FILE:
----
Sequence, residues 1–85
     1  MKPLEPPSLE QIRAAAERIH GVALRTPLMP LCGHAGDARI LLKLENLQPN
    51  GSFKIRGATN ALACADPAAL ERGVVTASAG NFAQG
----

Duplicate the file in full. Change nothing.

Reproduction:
Sequence, residues 1–85
     1  MKPLEPPSLE QIRAAAERIH GVALRTPLMP LCGHAGDARI LLKLENLQPN
    51  GSFKIRGATN ALACADPAAL ERGVVTASAG NFAQG